Chapter 33 Notes

Chapter 33
The Building of Global Empires
 
Cecil Rhodes:
The idea of Imperialism
Motivation for Imperialism

  • Military
  • Political
  • Economic

 

European capitalism

  • Religious
  • Demographic
    • criminal populations
    • Dissident populations

 
Manifest Destiny

  • Discovery of natural resources
  • Exploitation of cheap labor
  • Expansion of markets
    • limited

The “White Man’s Burden”

  • Rudyard Kipling (1864-1936)‏
    • Raised in India, native Hindi speaker
    • Boarding school in England, then return to India (1882)
    • Pg. 913; read “White Man’s Burden”
    • French: mission civilisatrice “civilizing mission”
      • Justification for their expansion into Africa and Asia.

 

Geopolitical considerations

  • Strategic footholds
    • Waterways
    • Supply stations
    • Imperial rivalries
  • Domestic Political Considerations
  • Crises of industrialism
  • Pressure from nascent Socialism
  • Imperial policies distract proletariat from domestic politics

 

Cecil Rhodes: imperialism alternative to civil war

Technology and Imperialism

  • Transportation
    • Steamships
    • Railroads
    • Infrastructure
      • Suez Canal (1859-1869)
      • Essential for British control over India
    • Panama Canal (1904-1914)

 
 Weaponry

  • Smoothbore, muzzle-loading muskets
  • •Mid-century: breech-loading rifles
    • Reduce reloading time
  • 1880s: Maxim gun, 11 rounds per second
  • The Military Advantage
  • Battle of Omdurman (near Khartom on Nile), 1898
    • Five hours of fighting
    • British: six gunboats, twenty machine guns, 368 Britons killed
    • Sudanese: 11,000 killed
    • Opened up British colonial rule in Sudan; now owned Nile waterway
    •  

Communications

  • Correspondence
    • 1830 Britain-India: 2 years
    • After Suez Canal, 2 weeks
    • Telegraph
    • 1870s, development of submarine cables
    • Britain-India: 5 hours

 

 
 
Section 2:  European Imperialism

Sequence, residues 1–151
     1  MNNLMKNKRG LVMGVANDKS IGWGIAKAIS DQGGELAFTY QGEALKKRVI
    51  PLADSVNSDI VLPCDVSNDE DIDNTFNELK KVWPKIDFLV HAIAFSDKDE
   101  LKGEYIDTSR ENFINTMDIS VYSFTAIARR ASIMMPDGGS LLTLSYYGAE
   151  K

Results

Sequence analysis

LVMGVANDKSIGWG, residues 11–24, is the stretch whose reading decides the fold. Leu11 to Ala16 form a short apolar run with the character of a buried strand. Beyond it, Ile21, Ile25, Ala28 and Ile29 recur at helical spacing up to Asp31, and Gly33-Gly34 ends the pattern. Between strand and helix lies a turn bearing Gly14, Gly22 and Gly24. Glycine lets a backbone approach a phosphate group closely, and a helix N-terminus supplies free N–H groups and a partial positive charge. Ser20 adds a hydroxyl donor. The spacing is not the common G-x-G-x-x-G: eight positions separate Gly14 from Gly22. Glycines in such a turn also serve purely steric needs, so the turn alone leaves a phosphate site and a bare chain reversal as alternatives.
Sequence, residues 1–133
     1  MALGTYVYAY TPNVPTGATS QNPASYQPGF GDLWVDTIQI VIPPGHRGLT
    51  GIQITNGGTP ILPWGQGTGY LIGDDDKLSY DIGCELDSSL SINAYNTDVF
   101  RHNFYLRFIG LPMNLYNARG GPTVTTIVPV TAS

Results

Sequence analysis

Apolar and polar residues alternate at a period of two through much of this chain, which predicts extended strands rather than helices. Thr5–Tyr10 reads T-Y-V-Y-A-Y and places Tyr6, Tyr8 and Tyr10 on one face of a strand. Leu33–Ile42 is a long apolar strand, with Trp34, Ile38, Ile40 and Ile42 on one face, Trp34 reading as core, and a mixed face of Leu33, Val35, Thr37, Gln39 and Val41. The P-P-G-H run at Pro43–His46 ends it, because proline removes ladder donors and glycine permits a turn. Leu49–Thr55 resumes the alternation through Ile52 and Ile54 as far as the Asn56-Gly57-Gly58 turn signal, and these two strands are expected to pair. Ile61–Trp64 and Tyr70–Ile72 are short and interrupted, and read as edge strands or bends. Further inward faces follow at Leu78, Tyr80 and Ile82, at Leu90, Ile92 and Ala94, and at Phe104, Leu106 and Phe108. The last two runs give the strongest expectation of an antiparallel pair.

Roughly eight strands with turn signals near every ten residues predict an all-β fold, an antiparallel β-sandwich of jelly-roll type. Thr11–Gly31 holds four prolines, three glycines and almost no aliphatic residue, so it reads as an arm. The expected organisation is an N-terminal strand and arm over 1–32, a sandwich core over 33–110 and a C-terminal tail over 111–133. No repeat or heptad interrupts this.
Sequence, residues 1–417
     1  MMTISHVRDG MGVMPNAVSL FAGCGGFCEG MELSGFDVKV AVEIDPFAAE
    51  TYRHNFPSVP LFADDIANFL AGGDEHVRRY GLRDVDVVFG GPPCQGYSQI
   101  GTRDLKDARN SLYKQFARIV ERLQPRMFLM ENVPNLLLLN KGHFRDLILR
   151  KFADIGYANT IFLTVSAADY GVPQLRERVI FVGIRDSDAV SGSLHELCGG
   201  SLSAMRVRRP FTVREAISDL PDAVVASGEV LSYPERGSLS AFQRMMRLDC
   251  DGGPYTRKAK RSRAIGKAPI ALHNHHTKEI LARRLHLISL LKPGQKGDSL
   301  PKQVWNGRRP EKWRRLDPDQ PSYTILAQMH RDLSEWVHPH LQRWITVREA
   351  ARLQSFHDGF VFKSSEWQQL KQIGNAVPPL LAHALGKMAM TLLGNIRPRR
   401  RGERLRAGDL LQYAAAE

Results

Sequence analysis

The Jewel of the British Crown: India
•East India Company
•Monopoly on India trade
•Original permission from Mughal emperors
•Mughal empire declines after death of Aurangzeb, 1707
Home of a Wealthy Family in Calcutta
British Conquest
•Protection of economic interests through political conquest
•British and Indian troops (sepoys)
British Colonial Soldiers
Sepoy Revolt, 1857
•Enfield rifles
•Cartridges in wax paper greased with animal fat
–Problem for Hindus: beef
–Problem for Muslims: pork
•Sepoys capture garrison
–60 soldiers, 180 civilian males massacred (after surrender)‏
•Two weeks later, 375 women and children murdered
•British retake fort, hang rebels
 
Britain establishes direct rule
•Pre-empts East India Company
•Established civil service staffed by English
•Low-level Indian civil servants
British Rule in India
•Organization of agriculture
–Crops: tea, coffee, opium
•Stamp of British culture on Indian environment
•Veneer on poor Muslim-Hindu relations
 
Imperialism in Central Asia
•British, French, Russians complete for central Asia
–France drops out after Napoleon
–Russia active after 1860s in Tashkent, Bokhara, Samarkand, and approached India
•The “Great Game”: Russian vs. British intrigue in Afghanistan
–Preparation for imperialist war
–Russian Revolution of 1917 forestalled war
Imperialism in Southeast Asia
•Spanish: Philippines
•Dutch: Indonesia (Dutch East Indies)‏
•British establish presence from 1820s
–Conflict with kings of Burma (Myanmar) 1820s, established colonial authority by 1880s
–Thomas Stamford Raffles founds Singapore for trade in Strait of Melaka
•Base of British colonization in Malaysia, 1870s-1880s
•French: Vietnam, Cambodia, Laos, 1859-1893
–Encouraged conversion to Christianity
 
The Scramble for Africa (1875-1900)
•French, Portuguese, Belgians, and English competing for “the dark continent”
•Britain establishes strong presence in Egypt, Rhodesia
–Suez Canal
–Rhodesian gold. diamonds
Rewriting African History
•Ancient Africa
•Implications for justification of imperialist rule
•European exploration of rivers (Nile, Niger, Congo, Zambesi)
–Information on interior of Africa
–King Leopold II of Belgium starts Congo Free State, commercial ventures
–Takes control of colony in 1908, renamed Belgian Congo
South African (Boer) War 1899-1902
•Dutch East India establishes Cape Town (1652)
–Farmers (Boers) follow to settle territory, later called Afrikaners
–Competition and conflict with indigenous Khoikhoi and Xhosa peoples
•British takeover in 1806, slavery a major issue of conflict
–Afrikaners migrate eastward: the Great Trek, overpower Ndebele and Zulu resistance with superior firepower
–Establish independent Republics
•British tolerate this until gold is discovered
•White-white conflict, black soldiers and laborers
•Afrikaners concede in 1902, 1910 integrated into Union of South Africa
 
Village around a Kraal
The Berlin West Africa Conference (1884-1885)
•Fourteen European states, United States
–No African states present